An article in the August, 29, 1999, edition of Nashville’s Tennessean newspaper told of David Lipscomb University’s dismissal one of its Bible professors because the congregation where the professor served as a minister had begun to use instrumental music in its worship services.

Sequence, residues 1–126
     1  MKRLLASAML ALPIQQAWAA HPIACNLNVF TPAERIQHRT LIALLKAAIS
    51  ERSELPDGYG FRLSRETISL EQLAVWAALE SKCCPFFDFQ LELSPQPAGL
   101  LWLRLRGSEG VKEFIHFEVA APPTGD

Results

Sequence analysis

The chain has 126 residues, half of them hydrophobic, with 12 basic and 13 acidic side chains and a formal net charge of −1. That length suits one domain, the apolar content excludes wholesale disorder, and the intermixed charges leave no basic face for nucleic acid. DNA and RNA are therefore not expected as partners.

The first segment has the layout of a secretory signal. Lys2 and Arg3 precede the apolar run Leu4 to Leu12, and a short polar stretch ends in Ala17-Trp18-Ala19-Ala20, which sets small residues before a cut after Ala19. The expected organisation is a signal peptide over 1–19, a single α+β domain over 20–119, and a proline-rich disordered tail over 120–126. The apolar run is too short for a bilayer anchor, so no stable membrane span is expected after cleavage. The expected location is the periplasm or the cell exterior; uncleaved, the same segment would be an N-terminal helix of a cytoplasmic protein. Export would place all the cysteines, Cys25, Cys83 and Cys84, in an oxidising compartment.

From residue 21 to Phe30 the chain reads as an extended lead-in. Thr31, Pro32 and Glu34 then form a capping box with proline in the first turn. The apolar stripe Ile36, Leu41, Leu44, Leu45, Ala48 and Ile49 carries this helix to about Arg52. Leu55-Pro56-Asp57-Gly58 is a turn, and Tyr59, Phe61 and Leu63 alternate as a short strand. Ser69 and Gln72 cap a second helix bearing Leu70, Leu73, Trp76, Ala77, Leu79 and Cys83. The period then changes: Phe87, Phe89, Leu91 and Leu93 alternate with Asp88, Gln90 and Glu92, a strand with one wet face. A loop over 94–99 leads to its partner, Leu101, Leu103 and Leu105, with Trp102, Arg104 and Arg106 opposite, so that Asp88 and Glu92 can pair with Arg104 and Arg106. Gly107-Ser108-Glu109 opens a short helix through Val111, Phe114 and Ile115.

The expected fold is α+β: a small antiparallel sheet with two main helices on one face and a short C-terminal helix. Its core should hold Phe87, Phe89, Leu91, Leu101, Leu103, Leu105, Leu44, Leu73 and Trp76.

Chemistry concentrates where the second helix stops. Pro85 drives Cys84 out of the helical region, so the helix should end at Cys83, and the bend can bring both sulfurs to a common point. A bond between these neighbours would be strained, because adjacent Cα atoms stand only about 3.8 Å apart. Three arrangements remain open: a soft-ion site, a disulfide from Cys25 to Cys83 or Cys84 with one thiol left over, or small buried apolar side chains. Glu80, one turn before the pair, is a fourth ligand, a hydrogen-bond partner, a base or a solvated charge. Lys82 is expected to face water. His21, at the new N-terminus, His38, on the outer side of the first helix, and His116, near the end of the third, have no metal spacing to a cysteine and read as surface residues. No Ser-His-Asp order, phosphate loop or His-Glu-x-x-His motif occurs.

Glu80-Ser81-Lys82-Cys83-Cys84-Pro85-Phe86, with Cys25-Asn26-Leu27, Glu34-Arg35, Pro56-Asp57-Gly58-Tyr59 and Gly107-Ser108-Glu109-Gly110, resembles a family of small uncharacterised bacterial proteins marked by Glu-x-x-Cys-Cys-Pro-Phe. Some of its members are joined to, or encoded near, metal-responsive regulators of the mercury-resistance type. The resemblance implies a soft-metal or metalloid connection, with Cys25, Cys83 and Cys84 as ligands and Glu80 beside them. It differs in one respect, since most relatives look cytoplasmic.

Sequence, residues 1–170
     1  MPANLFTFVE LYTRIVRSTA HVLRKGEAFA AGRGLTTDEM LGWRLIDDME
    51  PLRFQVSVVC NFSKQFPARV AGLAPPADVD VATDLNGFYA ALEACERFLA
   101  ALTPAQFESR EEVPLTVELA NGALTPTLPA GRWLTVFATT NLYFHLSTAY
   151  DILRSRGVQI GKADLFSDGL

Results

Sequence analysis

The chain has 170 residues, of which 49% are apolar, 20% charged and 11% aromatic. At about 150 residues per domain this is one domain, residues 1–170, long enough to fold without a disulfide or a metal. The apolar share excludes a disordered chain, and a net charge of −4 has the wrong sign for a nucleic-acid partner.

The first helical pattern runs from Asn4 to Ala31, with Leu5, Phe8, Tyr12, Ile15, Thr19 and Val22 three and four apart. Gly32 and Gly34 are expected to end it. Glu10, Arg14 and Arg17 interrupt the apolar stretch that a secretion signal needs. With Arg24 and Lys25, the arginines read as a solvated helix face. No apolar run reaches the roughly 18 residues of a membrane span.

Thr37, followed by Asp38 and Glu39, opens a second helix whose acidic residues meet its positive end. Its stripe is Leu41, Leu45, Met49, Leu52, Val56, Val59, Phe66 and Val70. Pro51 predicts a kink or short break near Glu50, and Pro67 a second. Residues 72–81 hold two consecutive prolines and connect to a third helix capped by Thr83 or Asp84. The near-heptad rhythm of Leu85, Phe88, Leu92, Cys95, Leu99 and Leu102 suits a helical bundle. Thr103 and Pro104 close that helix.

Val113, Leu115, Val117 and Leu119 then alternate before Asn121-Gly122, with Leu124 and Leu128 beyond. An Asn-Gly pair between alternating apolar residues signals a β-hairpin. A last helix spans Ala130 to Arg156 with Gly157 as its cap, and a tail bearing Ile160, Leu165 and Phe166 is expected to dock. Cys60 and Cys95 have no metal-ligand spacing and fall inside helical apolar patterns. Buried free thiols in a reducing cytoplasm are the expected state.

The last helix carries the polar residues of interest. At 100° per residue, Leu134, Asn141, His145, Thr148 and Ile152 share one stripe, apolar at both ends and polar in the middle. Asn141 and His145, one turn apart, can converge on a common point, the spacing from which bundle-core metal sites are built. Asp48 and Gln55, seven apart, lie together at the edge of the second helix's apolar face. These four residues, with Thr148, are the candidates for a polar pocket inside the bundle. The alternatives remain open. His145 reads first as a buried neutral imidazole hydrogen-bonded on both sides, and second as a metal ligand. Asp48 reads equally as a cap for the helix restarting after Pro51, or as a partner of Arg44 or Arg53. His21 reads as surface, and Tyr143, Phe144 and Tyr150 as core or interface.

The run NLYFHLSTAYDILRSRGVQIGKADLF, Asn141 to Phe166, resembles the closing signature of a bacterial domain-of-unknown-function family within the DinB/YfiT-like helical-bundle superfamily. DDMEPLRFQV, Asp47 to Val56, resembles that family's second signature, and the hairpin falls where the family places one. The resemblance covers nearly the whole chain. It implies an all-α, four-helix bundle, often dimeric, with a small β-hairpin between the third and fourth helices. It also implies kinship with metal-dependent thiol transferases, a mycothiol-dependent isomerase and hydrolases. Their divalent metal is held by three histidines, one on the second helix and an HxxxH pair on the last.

Doug Varnado, professor of Bible for 17 years and director of a campus missions program, was forced to resign after the Community Church of Christ (CCC) in Hendersonville, Tennessee, began using recorded instrumental music earlier this year. (The CCC is the result of a split in the Hendersonville Church of Christ some nine years ago.) The article was replete with innuendo and error. However, being familiar with the Tennessean, I know the paper’s Religion Editor, Ray Waddle, is no friend of the Lord’s church. Thus, it is difficult to know how accurately Mr. Waddle paraphrased and interpreted those whom he interviewed. Nevertheless, we will examine the article assuming Waddle accurately conveyed the intended meaning of the interview participants. According to the article, “This spring, the church leadership declared publicly that instrumental music was not a ‘salvation’ issue. It’s not important if the church adds instrumental music on occasion.” First, by what authority does CCC, or anyone else, add anything to the worship of God? We are commanded to do all things according to the authority of Jesus Christ (Col. 3:17). Paul warned the Corinthians against going beyond the things that are written (1 Cor. 4:6). To add instrumental music to the worship of the New Testament church is to transgress (go beyond) the law of God and in so doing, to commit sin (1 John 3:4). The article continued, “More important (than instrumental music–TC) is a faith community that shows compassion for people seeking God.” Are the issues of acceptable worship and compassion for the lost mutually exclusive? Can one not seek to worship God acceptably while at the same time show genuine concern for the lost? What good does it do to convert a man only to teach him error concerning the worship of God? In giving the Great Commission, Jesus said we are to make disciples by “baptizing them in the name of the Father, Son, and Holy Spirit, teaching them to observe all things whatsoever I have commanded you” (Matt 28:19-20). Does the use of instrumental music in worship qualify as one of those things which Jesus commanded us to teach and observe? Or, does the use of instrumental music in worship fall under condemnation as a tradition of men (Matt 15:9)? The article insinuates that those of us who desire to worship God “in spirit and in truth” (John 4:24) have no compassion for the lost. Later in the article, Varnado is quoted as saying, “Everybody’s welcome here.” Again, this is nothing more than insinuation. As we have already shown, one of the favorite tactics of digressives is to portray faithful brethren as unkind and unloving. Is it unkind to desire to obey God? The prophet Samuel told King Saul, “Hath the Lord as great delight in burnt offerings and sacrifices, as in obeying the voice of the Lord? Behold, to obey is better than sacrifice, and to hearken than the fat of rams” (1 Sam. 15:22). Apparently, digressives believe that the appearance of kindness and love is better than to obey! Again, obedience is not mutually exclusive to kindness and love. Furthermore, Varnado’s statement of inclusion is refuted in the very same paragraph of the article. The article noted that one minister quit over the introduction of the instrument, and five other members (and we assume their families) were forced to leave to save their jobs at Goodpasture Christian School. This attitude disregards the teaching of Romans 14 and 1 Corinthians 8. Despite the aforementioned statement of CCC’s leadership, how the church is to worship is a salvation matter. However, for the sake of showing their inconsistency, let’s assume the use of instrumental music in worship is an optional matter. If CCC is going to practice what Paul taught about love, unity, and matters of opinion, they must refrain from using the instrument in order to maintain peace and unity among the local flock. To the contrary, CCC’s leadership was so intent on having the instrument that they were willing to do so at the expense of losing one of their ministers and numerous members! How’s that for being kind and loving?! Ron Cook, a member and former elder at CCC, was eager to offer his opinion of the situation. He said, “God made music; God surrounds us with music every day. It’s absurd to say we can’t give music back to God.” Question: Did God really make music, or did He give man the ability to make music? Does God really surround us with music every day? If so, which music is God’s? Is the thumping and pounding of some teenager’s car stereo God’s music? How about the lyrics of most modern music? When people drive by and force me to listen to outrageous and vulgar lyrics, am I to assume the deafening noise I’m hearing is God- given? If so, then I should not attempt to get away! Does Cook really believe congregational singing is not music given back to God? One accusation often leveled at members of the church is, “You don’t believe in music.” My response is always, “That is only true if singing does not constitute worship.” God not only desires music in worship to Him, He demands it. However, the music God has authorized in worship is a capella, congregational singing (Eph. 5:19; Col. 3:16). Also, is it really absurd to think there are some things created by God that do not belong in the worship of God? If we could ask Nadab and Abihu (Lev. 10) if there were some God-given items that do not belong in worship, what do you think they might say? Would you expect to hear, “God made all kinds of fire; it is absurd to think we cannot offer to him any kind of fire we wish”? I doubt it! Paul condemned the Corinthians because they had perverted the Lord’s Supper and made of it a gluttonous, segregated feast. Do you reckon any Corinthians, in response to Paul’s words in 1 Corinthians 11, said the following, “God made food and drink; it is absurd to think we cannot use any kind of food we desire in observing the Lord’s supper?” It is not difficult to see the ridiculousness of Cook’s statements and position on the matter. The article concluded with Cook predicting that “the music issue will fade away once young churchgoers, awash daily in music, become church leaders.” Said Cook, “Instrumental music is already a part of youth events that happen at churches. Teenagers love Christian music. Music is a fact of life. It’s inevitable.” Cook assumes our youngsters cannot be taught the proper place of instrumental music in the life of a Christian. I have listened to secular music ever since I was a small boy. I can still remember singing with my father as we listened to his favorite songs on the radio. But I have never given a moment’s thought to trying to force the instrument into the worship of God. Why? Because I was taught better! Obviously, Mr Cook’s formal religious training leaves somewhat to be desired. Brethren, if all Christians would train their children in the way that they should go, the music issue would go away, because our children would not tolerate it! Apostasy is NOT inevitable, no matter what the digressives among us may say or imply! The key to making any issue of false teaching go away is proper teaching. May God help us to this end!